06 Sep The Seventh-Inning Stretch
“In baseball in the United States and Canada, the seventh-inning stretch is a tradition that takes place between the halves of the seventh inning of a game – in the middle of the seventh inning. Fans generally stand up and stretch out their arms and legs and sometimes walk around. It is a popular time to get a late-game snack as well.” http://en.wikipedia.org/wiki/Seventh-inning_stretch
This year, my seventh year as a staff interpreter with the court, I’ve undertaken to accomplish some considerable transformations in many aspects of my life. Personal goals such as revamping my nutritional and physical activity habits, along with a variety of professional and workplace goals are changing who I am, inside and out. It seems to be my own personal “seventh-inning stretch”… and it feels wonderful!
From time to time, it is the mark of a professional to stand back and reevaluate our habits, attitudes, and practices. After determining our starting point, we can thoughtfully reflect on who we were and what environment we worked in ‘back in the day’ in order to see where we have grown, identify trends and changes we see happening around us that have affected that growth, and where the future may lead us.
Looking back seven years, the courts were definitely a different place to be. When I became court certified, I had been a hospital interpreter for nearly a decade. It was right about the time that interpreters in California had started getting hired as permanent employees. I remember a colleague of mine asking what I thought about working as a court employee, and I was perplexed. I thought, “Why would he ask that? I am an employee already. That’s a good thing, right?”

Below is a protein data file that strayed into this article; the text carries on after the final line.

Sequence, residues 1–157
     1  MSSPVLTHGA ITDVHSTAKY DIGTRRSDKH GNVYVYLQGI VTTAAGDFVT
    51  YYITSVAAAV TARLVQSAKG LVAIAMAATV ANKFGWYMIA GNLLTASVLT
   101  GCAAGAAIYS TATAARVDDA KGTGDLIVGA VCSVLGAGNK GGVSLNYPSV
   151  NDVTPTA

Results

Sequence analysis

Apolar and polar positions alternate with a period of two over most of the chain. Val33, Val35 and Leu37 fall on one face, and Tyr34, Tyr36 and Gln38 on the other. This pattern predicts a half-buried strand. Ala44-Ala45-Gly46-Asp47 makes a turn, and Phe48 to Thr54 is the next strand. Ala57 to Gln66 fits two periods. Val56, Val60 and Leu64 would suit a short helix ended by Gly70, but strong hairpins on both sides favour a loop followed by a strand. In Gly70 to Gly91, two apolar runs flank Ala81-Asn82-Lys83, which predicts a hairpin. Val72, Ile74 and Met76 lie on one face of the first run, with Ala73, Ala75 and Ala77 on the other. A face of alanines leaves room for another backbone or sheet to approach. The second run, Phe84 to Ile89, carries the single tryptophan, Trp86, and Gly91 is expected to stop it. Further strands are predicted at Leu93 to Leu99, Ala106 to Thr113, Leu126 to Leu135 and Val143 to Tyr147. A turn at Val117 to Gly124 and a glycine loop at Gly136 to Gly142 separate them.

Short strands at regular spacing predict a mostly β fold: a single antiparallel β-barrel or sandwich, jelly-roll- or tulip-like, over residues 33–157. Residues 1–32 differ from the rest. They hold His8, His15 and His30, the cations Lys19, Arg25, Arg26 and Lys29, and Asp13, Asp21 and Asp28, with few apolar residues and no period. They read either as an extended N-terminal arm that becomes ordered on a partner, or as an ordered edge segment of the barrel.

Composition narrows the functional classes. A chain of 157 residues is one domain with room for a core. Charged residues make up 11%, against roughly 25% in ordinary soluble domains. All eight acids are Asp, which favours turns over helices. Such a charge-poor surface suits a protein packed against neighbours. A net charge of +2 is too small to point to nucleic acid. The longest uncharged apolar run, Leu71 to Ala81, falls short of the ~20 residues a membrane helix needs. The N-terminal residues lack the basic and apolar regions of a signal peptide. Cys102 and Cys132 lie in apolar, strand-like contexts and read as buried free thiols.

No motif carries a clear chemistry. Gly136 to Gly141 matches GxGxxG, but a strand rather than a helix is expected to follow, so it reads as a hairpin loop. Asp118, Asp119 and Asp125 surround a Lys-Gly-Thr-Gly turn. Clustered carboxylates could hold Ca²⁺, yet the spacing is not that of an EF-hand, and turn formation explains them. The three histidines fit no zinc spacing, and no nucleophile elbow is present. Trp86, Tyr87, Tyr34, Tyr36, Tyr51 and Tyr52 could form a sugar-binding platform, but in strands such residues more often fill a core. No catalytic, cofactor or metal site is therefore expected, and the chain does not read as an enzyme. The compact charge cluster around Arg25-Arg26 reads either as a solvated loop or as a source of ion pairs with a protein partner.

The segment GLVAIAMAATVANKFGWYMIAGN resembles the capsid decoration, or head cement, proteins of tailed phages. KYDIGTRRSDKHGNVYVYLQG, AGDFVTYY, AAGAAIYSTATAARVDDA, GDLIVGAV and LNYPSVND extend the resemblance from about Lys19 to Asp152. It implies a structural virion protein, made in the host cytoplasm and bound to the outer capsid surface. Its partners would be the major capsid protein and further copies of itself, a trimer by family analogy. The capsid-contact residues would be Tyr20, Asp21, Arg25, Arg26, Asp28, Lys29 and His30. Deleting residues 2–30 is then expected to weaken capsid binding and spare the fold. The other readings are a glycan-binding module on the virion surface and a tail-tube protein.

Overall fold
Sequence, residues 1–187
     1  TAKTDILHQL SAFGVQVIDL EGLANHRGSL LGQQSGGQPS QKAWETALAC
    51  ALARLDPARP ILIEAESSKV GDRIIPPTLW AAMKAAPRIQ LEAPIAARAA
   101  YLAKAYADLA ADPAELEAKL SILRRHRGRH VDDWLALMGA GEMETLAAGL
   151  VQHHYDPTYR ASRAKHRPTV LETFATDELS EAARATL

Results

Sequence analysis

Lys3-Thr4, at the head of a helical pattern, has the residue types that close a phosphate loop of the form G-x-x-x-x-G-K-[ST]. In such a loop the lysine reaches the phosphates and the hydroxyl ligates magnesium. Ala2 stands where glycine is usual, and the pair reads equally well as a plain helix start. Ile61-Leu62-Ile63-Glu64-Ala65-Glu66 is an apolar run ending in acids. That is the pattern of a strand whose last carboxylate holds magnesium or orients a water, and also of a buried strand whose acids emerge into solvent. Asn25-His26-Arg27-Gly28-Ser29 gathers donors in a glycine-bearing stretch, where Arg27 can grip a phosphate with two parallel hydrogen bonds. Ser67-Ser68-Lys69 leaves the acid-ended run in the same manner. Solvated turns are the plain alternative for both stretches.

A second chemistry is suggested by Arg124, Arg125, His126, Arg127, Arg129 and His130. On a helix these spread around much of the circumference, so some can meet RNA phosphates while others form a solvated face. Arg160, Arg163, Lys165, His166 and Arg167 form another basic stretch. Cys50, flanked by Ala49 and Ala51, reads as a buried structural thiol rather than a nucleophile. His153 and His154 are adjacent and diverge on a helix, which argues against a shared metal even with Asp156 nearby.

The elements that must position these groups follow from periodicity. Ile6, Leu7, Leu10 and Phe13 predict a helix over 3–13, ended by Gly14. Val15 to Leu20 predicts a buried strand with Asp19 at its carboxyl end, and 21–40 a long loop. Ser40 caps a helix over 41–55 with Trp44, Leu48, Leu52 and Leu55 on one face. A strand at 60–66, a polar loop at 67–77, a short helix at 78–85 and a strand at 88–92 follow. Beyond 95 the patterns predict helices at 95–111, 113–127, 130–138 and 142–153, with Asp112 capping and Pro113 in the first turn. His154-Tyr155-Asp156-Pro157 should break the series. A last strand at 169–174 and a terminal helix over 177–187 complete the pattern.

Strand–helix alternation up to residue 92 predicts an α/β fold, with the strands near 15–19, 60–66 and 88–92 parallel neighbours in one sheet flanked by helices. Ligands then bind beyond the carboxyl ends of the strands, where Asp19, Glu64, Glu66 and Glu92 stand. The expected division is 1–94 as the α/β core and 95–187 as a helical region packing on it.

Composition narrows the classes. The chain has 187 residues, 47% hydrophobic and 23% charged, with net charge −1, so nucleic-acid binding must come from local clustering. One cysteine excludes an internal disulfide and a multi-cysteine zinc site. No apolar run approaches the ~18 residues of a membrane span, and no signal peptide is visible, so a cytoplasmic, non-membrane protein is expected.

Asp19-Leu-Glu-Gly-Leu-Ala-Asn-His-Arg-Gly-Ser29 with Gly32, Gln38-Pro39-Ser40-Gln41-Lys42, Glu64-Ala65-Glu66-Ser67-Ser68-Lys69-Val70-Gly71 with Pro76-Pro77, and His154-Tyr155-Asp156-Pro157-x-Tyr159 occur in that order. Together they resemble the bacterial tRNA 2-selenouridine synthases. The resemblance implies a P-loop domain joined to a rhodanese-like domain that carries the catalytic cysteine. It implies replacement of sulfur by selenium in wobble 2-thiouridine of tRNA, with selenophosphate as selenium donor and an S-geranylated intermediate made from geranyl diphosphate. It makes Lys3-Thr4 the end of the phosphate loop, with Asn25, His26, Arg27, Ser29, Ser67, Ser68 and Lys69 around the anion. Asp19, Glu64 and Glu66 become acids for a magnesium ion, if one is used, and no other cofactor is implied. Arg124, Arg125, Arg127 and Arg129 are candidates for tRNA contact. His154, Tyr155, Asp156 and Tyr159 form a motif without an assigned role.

Let me tell you that back then, many interpreters felt that working as an employee was definitely not for them, and the small staff we had at my court was bombarded with comments on a daily basis by those fortunate enough to have remained independent. They would say, “I don’t know why you want to work full-time… it’s much better in all ways to be an independent contractor.” Truth be told, it was a bit depressing to think that I was apparently trapped in employee status while others were free to roam the globe in search of great-paying work, minimal hours, huge tax write-offs and the luxury of being home in the early afternoon.
Things changed, however.
Over the course of these seven years, while the economy was being slammed with cutbacks and the courts started seeing red in California, slowly but surely the courts were filling their needs with full-time staff. Fast-forward to today, and you’ll notice in my court, at least, it is a rarity to have an independent contractor hired. We have a full staff of dedicated employees, some of whom still quietly long for the independent life, although perhaps not under current conditions in California. The fact is, we hear it’s pretty tough out there for the independent contractors, and many of us are very thankful that we got into a staff position while the gettin’ was good.